CONVERSATIONS ABOUT THE PAST
Levi Jordan Plantation
by Carol McDavid
Many, many newspaper articles and TV stories have been written about the Levi Jordan Plantation in the past 70 years.
Media in recent years
Most of the stories in recent years have focused on archaeological excavations that have taken place in the slave and tenant quarters of the plantation. Some of them reflect the attitudes of the archaeologists and members of the descendant community who have been involved with the project through the years who are, for the most part, people who want "the whole story" (whatever that is) of the plantation to be told. Some of these articles do a good job of talking about archaeology and the kinds of new information it can reveal about the past.
Sometimes, however, these recent articles depict a somewhat "romantic" view of archaeology, especially when a reporter somehow thinks that archaeology is a bit like the way it was depicted in "Raiders of the Lost Ark". They also occasionally sensationalize the parts of the history of the plantation that are unpleasant for people in the present to deal with. It's not always easy for a descendant of a slave-owner to talk about his or her ancestors' lives, and it's also not easy for the descendants of the people who were enslaved to talk about their ancestors' experiences. It takes a pretty sensitive reporter to write an article that talks about "hurtful histories" in a way that doesn't just do more damage, and there have been some articles in recent years that have been painful for project participants to deal with.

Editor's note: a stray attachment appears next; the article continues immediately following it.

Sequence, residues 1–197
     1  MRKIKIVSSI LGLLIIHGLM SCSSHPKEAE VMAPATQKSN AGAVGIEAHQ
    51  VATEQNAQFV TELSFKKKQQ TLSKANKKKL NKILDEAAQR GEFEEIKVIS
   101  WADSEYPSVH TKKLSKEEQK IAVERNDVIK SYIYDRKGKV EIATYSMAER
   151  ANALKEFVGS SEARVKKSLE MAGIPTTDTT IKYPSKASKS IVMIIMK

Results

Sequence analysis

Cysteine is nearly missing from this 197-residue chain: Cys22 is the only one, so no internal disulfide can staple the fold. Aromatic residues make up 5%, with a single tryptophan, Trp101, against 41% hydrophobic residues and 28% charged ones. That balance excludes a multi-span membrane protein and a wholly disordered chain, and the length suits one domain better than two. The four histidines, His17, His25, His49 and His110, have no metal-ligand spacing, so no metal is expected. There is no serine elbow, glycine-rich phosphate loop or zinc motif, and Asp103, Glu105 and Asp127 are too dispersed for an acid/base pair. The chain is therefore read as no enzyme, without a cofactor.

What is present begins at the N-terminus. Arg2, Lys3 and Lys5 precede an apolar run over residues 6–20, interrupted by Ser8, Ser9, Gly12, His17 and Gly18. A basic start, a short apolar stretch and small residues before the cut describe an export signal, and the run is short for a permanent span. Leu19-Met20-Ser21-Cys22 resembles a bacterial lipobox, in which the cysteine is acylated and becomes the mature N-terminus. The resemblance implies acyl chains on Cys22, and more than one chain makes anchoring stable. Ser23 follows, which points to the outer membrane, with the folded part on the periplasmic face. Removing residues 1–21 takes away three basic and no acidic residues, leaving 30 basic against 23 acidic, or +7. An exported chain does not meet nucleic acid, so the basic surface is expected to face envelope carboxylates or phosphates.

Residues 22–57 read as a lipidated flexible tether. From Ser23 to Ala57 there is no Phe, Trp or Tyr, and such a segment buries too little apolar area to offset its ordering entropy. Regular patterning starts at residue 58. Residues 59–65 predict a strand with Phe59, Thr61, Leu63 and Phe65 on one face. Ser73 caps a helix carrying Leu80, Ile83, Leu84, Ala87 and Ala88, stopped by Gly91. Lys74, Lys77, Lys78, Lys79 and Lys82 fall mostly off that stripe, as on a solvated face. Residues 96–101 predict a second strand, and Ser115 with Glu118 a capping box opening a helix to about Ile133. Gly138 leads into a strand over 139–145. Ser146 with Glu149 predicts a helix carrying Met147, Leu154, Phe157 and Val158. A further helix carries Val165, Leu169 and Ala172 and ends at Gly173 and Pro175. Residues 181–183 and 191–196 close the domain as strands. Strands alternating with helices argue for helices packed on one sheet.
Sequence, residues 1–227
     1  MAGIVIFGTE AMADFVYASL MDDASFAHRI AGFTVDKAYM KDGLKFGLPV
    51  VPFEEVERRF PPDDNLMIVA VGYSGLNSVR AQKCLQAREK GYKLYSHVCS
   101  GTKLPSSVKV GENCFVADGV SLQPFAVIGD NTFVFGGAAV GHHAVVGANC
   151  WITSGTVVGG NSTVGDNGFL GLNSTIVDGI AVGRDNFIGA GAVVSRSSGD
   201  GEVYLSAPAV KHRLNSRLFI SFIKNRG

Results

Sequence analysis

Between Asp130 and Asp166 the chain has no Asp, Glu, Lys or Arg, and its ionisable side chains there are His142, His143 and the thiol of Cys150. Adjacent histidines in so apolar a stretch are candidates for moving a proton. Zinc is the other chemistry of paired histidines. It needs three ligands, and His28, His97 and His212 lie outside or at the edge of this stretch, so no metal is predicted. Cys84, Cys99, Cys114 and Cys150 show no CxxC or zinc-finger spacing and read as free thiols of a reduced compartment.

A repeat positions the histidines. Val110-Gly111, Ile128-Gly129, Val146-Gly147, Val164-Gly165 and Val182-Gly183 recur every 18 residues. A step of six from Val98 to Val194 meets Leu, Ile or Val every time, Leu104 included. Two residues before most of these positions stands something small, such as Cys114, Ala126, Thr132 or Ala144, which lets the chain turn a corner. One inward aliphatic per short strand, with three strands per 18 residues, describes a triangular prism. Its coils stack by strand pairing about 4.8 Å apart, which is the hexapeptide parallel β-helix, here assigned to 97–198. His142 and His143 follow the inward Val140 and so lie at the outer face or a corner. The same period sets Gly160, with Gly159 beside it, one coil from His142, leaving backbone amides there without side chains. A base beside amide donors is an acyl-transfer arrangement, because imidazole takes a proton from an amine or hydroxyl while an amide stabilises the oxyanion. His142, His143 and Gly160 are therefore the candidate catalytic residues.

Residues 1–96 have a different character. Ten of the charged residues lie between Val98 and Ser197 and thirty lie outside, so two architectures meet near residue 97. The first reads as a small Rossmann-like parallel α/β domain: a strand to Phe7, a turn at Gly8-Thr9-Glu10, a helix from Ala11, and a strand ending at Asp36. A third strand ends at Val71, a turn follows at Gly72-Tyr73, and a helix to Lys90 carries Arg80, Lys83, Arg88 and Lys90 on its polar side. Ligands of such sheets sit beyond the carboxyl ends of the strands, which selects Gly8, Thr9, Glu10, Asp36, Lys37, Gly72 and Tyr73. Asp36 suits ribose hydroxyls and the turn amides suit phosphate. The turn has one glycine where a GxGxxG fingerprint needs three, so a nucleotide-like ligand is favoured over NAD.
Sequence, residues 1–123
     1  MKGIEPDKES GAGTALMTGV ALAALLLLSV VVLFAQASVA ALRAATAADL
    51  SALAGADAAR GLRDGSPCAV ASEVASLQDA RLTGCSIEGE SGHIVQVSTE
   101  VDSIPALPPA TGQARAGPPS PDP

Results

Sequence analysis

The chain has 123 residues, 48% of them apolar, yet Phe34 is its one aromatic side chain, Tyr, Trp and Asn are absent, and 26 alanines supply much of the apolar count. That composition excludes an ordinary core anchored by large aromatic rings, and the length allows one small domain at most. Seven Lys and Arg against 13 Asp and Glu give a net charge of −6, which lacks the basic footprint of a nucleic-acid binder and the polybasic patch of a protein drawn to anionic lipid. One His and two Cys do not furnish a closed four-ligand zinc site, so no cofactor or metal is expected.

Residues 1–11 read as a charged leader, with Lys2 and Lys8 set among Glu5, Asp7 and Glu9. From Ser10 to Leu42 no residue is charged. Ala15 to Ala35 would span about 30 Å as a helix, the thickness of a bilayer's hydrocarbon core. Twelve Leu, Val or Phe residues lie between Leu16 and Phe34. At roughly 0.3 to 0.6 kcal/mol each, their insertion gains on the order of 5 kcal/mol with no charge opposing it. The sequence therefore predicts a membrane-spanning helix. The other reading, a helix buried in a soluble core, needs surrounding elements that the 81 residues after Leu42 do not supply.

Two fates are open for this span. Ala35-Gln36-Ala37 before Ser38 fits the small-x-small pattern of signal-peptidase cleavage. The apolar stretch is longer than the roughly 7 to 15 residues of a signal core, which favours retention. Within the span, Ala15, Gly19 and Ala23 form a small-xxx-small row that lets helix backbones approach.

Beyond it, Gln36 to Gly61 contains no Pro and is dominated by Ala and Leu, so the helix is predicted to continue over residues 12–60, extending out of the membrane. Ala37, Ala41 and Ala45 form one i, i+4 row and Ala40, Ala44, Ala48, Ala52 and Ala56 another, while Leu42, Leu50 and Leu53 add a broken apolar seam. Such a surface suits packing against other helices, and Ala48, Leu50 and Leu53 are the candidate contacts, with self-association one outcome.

Media in the past
Earlier stories, especially those from 1927 - the 1950's, focused on the lives of the owners of the plantation. They hardly mentioned the Africans and African-Americans at all, or, when they did, they didn't talk about what it was like to live as a slave or as a tenant farmer on the plantation in the early days. They portray a romanticized view of the south, a view which doesn't do justice to the hard work and sacrifice of the owners of the plantation and their families, or to the people who were enslaved by them and, later, worked for them as tenant farmers and sharecroppers. Look again at the picture of the plantation house on this page this sure wasn't "Tara", even though it was one of the largest sugar plantations in Texas.
What's the point of studying these articles?
In the future (perhaps by late 1999) we want to include the text of some of them on this web site (after we get the copyright permissions and so forth). The reason we want to do this is because those articles can tell us a story about they ways that "history talk" has changed in the past 70 years.
This is important, because the way we talk about history influences what we know about history. We want to look at that, and provide a place for you to discuss it with us.
In the meantime, if you have any old articles you'd like to share, let us know! We have a lot, but I doubt we have them all!
HOME * Conversations * Words * Archaeology * History * Ethnography * Community * Media * Descendants
& others * People in the Past * Kids * Bibliography * Definitions * Links * Maps * Search * Table of
For information about this site or this project, contact or .
‹ Carol McDavid 1998